The quiet depth of everyday dread

what gives you Feeling of dread? that word, aweFeeling that there is something vast beyond your understanding of the world – often associated with the extraordinary. You might imagine standing by a 350-foot tree or on a wide-open plain as a storm approaches, hearing an electric guitar fill the space of the yard, or holding the little finger of a newborn baby. Awe blows us away: it reminds us that there are forces greater than ourselves, and it reveals that our current knowledge falls short of the task of understanding what we have encountered.

The cover of Dacher Keltner Awe's book shows green lights in the sky above the pine trees
This article is excerpted from Dacher Keltner’s new book, Awe: The New Science of Everyday Wonders and How They Can Change Your Life. (Penguin Press)

But you don’t need fantastic conditions to experience awe. When my colleagues and I asked research participants to track experiences of awe in a diary, we found, to our surprise, that people felt it more than twice a week on average. And they found it ordinary: the generosity of a friend, the leafy tree playing with light and shadow on the sidewalk, a song that brought them back to first love.

We need that everyday awe, even when it’s discovered in the most humble of places. A survey of related studies She suggests That a short dose of awe can reduce stress, reduce inflammation, and benefit the cardiovascular system. Fortunately, we don’t need to wait to snag it; We can search for it. Dread is all around us. We just need to know where to look for it.

men our daily notes In studies, one of the most common sources of dread was by far: other people. Regular acts of bravery—bystanders defusing fights, subordinates standing up to abusive power-holders—inspired awe. So is an act of simple kindness to others: seeing someone give money to a broken friend or help a stranger on the street. But you don’t need a chance encounter with a Good Samaritan to experience awe. We often find inspiring stories in literature, poetry, movies, art, and news. Reading about moral paradigms, for example, protesting racism or environmentalism was a pervasive source of dread for our participants.

Another common source of awe is just… I walk. In its cultural history of walking, Love to travel, Rebecca Solnit theorizes that walking can produce an awe-like form of consciousness as we extend the self into the environment. We can make connections, for example, between our thoughts and other humans we see moving through their day, or patterns in nature—wind movements through trees or moving clouds in the sky.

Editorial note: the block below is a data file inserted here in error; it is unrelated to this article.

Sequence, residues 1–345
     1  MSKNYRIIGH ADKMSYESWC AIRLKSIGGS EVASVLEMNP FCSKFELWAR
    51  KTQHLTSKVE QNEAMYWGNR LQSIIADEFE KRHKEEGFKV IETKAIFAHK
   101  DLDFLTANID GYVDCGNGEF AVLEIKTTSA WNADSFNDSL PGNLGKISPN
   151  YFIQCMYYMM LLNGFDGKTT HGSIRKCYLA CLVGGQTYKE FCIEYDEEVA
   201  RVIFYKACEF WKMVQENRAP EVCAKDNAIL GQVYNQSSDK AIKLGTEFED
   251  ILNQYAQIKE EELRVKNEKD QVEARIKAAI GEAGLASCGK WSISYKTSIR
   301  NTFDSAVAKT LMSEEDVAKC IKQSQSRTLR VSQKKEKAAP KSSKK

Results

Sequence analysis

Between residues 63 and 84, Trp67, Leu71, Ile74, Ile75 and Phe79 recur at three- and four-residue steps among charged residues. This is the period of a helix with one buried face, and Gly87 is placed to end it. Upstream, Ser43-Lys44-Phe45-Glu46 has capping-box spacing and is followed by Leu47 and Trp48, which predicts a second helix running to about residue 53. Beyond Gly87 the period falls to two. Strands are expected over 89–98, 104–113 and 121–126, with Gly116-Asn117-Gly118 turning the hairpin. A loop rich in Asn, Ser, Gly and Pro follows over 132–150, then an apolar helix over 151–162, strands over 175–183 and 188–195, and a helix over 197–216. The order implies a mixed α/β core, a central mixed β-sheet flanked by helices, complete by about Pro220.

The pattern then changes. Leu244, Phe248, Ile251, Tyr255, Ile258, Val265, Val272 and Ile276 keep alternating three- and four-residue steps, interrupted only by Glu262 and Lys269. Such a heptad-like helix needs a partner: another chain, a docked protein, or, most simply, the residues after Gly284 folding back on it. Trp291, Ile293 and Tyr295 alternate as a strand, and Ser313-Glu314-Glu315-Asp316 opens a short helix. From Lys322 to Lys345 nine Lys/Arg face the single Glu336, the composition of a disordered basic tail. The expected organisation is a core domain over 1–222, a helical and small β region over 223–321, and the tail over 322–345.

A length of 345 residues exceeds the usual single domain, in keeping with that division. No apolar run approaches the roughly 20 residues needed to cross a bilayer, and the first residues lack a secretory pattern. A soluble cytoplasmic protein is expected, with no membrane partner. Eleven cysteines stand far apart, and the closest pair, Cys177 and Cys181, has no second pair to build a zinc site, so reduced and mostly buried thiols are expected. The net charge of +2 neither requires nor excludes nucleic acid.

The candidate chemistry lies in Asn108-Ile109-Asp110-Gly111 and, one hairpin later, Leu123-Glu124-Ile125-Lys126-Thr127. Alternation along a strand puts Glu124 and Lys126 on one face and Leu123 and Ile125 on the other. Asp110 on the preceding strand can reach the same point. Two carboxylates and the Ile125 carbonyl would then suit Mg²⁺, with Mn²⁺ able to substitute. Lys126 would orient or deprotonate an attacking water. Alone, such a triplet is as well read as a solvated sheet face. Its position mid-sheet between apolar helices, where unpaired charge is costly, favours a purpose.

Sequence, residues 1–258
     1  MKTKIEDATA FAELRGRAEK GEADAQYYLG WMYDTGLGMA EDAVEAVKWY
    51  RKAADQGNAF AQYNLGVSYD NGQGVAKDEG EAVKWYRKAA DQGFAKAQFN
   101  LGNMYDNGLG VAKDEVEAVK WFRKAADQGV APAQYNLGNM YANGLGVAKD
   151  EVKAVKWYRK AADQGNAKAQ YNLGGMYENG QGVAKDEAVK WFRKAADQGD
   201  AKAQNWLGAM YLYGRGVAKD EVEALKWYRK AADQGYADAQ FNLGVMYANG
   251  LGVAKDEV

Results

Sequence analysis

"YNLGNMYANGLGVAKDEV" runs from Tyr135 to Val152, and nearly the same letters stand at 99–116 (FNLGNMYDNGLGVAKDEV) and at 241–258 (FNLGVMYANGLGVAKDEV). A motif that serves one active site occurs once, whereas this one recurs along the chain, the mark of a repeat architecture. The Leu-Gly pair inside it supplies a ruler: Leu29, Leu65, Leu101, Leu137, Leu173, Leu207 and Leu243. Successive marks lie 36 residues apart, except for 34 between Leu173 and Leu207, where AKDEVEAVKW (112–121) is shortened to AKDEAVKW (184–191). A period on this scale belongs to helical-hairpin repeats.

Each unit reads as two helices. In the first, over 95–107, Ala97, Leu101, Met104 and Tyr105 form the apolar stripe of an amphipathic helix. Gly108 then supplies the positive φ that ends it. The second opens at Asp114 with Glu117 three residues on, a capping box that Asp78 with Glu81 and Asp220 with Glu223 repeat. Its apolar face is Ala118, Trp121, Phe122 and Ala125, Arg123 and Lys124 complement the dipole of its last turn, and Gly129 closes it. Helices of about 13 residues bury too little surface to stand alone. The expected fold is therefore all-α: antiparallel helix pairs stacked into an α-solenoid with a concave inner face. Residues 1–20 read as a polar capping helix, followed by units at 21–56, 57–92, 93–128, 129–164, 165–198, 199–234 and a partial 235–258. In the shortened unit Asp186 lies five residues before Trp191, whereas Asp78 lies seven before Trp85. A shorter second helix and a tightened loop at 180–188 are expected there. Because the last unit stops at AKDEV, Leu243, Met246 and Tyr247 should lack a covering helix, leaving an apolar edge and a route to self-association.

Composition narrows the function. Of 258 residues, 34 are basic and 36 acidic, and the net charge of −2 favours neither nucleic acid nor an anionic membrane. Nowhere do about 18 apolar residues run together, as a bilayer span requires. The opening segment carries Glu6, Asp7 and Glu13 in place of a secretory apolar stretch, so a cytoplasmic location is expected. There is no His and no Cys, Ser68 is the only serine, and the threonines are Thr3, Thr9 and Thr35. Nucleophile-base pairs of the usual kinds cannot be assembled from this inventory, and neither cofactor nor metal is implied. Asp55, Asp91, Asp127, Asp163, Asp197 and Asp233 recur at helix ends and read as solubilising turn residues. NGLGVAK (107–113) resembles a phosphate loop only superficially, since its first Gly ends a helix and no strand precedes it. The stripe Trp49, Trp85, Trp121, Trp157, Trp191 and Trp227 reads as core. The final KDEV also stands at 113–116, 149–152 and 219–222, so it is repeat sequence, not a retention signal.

Together with Virginia Storm, a neuroscientist from the University of California, San Francisco, I’ve been studying the effects of the “awe stroll.” I took one group of subjects for a weekly walk for eight weeks; The other group did the same but with some guidelines: Tap into your childlike sense of wonder, and imagine seeing everything for the first time. Take a moment during each walk to notice the breadth of things—when looking at a panoramic view, for example, or at the detail of a flower. And move to a new place, or try to learn about the new features of the same old place. All participants reported happiness, anxiety, and depression and took selfies while walking.

We found that the awe walkers felt more awe with each week that passed. You might have thought that their capacity for awe would begin to diminish: This is known as the law of delicious adaptation, that some pleasures or accomplishments—a new job, a bigger apartment—start to lose some of their excitement over time. But the more we practice awe, it seems, the richer it gets.

We also found evidence for Solnit’s idea that the self can extend into the environment. In the case of the staggered walk, the subjects’ self-portraits increasingly included a lower self. Over time, the subjects drifted to the side, showing more of the outdoor environment—a street corner in San Francisco, trees, rocks around the Pacific Ocean. Over the course of our study, fearful walkers reported feeling less daily distress and more social feelings such as empathy and amusement.

The arts can also make us feel connected to something boundless beyond words. In one diary study, several people wrote that music brought them moments of awe and prompted them to reflect on their place in the great scheme of life. When we listen to music that moves us, dopamine pathways are activated—circuits in the brain associated with reward and pleasure—which open the mind to questioning and exploration. In this physical state of musical dread, we often feel goosebumps—the marks, studies Revealed, we collectively participate in making sense of the unknown.

Visual art activates the same dopamine network in the brain — and can have the same transcendental effect. when exposed to plates, Search foundPeople show more creativity. One study, involving more than 30,000 participants in the United Kingdom, found that the more people practiced or viewed art, the more those individuals gave money and volunteered two years later.

Nearly three years into a pandemic that has left many of us feeling helpless and small, the hunt for the huge and the mysterious may not seem appealing. But often, dealing with the overwhelming can put things into perspective. Staring at the starry sky. looking at a statue makes you shudder; Hearing a variety of instruments join into one complex, spine-tingling melody—these experiences remind us that we are part of something that will exist long after us. We are well served by opening ourselves up to the awe wherever we find it, even if only for a moment or two.

This article is excerpted from Dacher Keltner’s new book, Awe: The New Science of Everyday Wonders and How They Can Change Your Life.

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